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Snakes On A Plane Provides Motherf*cking Awkward Marketing Opportunity

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New Line Cinema’s predestined cult classic Snakes On A Plane opens today, and you know what that means: Time to issue that press release for your product or service to coincide with the release of Snakes On A Plane, nevermind that your product or service has absolutely nothing to do with Snakes On A Plane.

Take this, a press release for Assist America, provider of global emergency assistance services:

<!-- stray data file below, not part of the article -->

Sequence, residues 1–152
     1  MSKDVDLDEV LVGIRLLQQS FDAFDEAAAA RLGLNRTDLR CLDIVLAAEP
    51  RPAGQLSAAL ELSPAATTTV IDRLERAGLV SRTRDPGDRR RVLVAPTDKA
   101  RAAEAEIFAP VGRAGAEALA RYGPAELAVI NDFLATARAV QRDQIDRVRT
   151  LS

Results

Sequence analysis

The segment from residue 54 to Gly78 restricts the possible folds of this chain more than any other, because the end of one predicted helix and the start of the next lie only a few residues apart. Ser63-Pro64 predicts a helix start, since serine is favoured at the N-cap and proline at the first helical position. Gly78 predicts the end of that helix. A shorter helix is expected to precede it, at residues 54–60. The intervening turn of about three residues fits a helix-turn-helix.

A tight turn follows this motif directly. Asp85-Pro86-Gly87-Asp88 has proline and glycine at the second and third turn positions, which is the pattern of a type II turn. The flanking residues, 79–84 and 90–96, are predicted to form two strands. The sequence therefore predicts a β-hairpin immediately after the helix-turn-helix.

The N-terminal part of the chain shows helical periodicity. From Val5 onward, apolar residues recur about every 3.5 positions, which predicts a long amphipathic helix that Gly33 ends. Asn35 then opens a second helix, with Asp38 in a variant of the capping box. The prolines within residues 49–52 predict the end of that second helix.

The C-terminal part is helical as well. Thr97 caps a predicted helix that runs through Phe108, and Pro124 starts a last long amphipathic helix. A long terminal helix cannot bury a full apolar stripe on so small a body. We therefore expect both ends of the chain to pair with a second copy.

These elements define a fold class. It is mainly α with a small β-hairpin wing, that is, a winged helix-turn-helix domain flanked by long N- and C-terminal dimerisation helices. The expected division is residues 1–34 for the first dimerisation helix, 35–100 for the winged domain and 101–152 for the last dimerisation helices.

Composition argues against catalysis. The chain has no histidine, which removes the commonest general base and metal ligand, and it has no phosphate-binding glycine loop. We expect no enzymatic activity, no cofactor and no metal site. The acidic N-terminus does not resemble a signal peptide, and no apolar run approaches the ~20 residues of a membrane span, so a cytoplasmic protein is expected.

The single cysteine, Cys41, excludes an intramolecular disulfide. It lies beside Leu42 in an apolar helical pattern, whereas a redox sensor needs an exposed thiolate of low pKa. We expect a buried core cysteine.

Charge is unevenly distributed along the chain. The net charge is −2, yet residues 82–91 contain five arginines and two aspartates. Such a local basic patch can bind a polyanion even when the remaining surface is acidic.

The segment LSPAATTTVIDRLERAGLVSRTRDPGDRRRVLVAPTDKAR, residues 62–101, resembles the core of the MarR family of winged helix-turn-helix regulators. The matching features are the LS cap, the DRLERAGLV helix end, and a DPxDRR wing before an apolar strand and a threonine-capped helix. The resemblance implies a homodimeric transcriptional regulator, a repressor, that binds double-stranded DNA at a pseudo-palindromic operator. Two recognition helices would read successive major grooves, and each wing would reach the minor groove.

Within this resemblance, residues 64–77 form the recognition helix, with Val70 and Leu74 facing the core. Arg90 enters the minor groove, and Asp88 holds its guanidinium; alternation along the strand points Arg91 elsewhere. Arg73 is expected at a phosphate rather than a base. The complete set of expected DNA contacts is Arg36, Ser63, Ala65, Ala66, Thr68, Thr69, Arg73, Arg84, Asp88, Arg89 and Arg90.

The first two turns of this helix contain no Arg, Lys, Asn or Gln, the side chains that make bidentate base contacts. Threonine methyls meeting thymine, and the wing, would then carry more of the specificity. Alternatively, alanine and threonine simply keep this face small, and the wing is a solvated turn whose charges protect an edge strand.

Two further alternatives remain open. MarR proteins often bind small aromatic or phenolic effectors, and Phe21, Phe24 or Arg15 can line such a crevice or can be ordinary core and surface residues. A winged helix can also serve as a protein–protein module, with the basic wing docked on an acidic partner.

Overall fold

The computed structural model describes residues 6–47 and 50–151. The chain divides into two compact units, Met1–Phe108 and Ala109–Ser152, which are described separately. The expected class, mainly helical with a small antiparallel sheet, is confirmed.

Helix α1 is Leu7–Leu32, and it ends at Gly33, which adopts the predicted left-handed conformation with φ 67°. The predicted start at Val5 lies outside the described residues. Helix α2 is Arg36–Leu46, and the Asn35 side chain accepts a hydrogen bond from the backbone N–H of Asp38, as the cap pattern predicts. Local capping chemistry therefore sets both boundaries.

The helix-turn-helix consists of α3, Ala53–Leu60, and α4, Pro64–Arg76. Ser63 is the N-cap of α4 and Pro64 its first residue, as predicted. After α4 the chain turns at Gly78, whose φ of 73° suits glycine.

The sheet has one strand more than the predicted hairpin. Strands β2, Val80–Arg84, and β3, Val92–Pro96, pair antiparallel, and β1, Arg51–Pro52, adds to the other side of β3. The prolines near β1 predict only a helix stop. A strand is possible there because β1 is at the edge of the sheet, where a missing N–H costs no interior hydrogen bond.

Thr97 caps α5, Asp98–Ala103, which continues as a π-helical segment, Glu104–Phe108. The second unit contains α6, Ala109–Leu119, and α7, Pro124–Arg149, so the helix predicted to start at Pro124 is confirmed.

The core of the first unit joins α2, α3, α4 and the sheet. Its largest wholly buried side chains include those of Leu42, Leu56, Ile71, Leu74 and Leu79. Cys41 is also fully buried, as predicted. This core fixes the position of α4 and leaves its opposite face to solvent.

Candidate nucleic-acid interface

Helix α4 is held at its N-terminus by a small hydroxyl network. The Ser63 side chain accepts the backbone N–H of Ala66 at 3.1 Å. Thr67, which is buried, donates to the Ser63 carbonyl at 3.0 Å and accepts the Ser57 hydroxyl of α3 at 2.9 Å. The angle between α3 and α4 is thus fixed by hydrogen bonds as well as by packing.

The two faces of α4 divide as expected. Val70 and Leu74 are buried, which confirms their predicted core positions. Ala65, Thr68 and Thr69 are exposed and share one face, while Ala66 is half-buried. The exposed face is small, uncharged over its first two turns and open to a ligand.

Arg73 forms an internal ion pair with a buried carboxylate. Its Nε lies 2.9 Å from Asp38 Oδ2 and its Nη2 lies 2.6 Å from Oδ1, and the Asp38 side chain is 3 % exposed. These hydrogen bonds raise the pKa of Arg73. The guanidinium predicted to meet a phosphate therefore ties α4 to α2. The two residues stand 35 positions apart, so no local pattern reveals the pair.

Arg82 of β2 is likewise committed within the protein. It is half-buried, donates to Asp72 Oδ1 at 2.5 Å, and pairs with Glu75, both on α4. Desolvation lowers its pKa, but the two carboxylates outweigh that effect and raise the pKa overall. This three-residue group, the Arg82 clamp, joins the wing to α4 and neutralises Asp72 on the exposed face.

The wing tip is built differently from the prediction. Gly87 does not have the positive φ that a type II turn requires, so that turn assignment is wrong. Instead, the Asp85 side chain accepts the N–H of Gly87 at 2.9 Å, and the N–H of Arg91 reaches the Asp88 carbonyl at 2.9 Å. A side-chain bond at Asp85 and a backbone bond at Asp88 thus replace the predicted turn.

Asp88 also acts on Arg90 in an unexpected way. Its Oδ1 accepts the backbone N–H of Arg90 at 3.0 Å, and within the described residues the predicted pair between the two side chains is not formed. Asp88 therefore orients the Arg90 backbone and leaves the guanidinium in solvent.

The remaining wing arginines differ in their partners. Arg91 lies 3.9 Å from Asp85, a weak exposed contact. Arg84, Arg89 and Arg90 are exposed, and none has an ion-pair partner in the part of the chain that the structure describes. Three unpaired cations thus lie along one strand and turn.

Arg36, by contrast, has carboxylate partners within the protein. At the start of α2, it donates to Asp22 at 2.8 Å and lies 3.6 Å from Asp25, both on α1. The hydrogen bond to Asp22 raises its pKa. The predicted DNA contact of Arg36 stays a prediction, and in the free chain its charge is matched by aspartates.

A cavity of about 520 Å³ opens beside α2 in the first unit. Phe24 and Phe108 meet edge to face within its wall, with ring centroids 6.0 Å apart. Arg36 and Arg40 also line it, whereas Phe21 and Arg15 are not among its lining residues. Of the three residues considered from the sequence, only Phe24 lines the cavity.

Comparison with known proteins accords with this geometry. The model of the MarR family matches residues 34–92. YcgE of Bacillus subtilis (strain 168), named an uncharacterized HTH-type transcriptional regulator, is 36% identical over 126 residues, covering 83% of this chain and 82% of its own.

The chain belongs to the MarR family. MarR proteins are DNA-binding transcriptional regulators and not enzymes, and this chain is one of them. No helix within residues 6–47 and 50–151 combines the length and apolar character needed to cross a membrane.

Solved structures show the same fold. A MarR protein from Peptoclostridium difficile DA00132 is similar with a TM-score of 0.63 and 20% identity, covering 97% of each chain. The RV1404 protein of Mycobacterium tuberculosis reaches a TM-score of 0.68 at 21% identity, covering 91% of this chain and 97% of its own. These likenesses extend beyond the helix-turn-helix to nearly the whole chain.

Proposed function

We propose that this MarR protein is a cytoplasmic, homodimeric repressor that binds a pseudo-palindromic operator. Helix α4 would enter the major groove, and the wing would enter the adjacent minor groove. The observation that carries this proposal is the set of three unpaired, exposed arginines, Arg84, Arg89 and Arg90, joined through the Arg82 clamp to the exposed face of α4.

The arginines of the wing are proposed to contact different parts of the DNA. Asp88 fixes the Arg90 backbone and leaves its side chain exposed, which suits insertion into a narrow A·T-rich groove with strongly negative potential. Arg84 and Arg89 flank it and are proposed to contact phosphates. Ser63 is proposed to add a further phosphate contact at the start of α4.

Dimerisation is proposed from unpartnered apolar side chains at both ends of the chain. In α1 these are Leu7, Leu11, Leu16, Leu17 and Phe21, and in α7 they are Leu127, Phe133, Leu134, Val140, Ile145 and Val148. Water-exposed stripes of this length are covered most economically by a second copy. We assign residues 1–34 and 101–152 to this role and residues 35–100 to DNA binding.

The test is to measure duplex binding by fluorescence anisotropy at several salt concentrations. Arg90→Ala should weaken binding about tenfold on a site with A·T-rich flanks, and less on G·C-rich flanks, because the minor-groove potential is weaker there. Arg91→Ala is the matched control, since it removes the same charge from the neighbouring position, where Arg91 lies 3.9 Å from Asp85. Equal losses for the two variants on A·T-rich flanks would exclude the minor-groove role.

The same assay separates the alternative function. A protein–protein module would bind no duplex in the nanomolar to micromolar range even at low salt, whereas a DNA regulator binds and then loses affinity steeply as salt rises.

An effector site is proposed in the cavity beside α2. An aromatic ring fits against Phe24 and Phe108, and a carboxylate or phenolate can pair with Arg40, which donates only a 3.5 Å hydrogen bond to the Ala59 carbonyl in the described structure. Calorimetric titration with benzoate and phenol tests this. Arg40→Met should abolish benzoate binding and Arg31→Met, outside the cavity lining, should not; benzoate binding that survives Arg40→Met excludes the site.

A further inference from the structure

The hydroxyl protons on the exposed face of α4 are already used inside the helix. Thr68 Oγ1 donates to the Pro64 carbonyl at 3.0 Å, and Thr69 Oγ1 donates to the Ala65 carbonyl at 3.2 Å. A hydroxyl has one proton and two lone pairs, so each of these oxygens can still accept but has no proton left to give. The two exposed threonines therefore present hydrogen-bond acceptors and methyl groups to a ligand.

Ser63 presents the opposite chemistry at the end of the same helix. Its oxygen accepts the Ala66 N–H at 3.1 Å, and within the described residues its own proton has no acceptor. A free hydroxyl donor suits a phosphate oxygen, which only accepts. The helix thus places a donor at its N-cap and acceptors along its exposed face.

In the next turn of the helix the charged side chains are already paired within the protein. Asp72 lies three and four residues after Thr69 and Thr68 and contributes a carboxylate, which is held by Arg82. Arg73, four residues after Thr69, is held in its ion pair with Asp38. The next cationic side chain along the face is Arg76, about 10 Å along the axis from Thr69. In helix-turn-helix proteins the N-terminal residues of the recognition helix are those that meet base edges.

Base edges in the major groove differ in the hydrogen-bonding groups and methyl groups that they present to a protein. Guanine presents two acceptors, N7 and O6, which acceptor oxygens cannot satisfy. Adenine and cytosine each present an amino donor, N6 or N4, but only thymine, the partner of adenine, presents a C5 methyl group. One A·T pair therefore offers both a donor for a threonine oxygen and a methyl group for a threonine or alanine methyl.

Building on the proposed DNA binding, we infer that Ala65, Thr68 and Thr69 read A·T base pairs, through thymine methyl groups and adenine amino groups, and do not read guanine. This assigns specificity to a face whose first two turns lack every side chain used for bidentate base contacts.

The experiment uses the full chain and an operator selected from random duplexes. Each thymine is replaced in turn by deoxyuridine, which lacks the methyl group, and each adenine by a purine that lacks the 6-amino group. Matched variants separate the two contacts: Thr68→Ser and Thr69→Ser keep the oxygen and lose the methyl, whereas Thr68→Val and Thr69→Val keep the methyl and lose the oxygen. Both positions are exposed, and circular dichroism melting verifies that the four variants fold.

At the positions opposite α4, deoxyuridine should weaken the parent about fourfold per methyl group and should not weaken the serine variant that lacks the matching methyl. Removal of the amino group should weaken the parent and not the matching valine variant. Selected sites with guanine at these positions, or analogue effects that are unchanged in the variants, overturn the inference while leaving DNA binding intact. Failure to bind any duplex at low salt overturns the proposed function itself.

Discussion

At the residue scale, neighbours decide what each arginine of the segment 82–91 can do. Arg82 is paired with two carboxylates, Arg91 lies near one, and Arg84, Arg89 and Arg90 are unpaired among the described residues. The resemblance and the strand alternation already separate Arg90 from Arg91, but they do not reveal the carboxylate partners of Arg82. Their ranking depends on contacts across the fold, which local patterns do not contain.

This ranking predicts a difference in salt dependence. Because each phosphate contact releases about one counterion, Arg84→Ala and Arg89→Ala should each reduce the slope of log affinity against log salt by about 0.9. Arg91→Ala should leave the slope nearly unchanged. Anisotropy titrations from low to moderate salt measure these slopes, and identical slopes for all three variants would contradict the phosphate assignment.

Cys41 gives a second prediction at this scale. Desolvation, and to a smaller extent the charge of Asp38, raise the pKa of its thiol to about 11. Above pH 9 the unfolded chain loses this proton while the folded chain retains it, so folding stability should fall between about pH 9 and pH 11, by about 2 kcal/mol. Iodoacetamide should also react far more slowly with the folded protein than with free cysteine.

The passengers aboard the serpent-laden flight in New Line Cinema’s film seem to face unusually insurmountable odds. Joe DiCorpo, Chief Medical Consultant for Princeton, New Jersey-based Assist America, the nation’s largest provider of global emergency services through group benefit programs, says the situation would be tough. “If a plane landed in the U.S. with multiple people who had been envenomated by different species of snakes, it would present some real challenges for emergency responders. Each snake would have to be identified by physical description. Then correct doses of antivenin specific to each snake would have to be located and administered in a hospital setting,” he explains. Since most antivenin is derived from horse serum, it can cause a severe anaphylactic reaction, which means it can only safely be administered in a controlled, well-equipped hospital environment. “The victims would be triaged at the airport and then moved to area hospitals for care, including possible localized or systemic treatment with antivenin,” DiCorpo adds. “It’s impossible to predict their survival rates because each case would be different. At very least, if a situation like this happened in the U.S. or Europe, the response would be swift and comprehensive; in other locations, there are no guarantees.”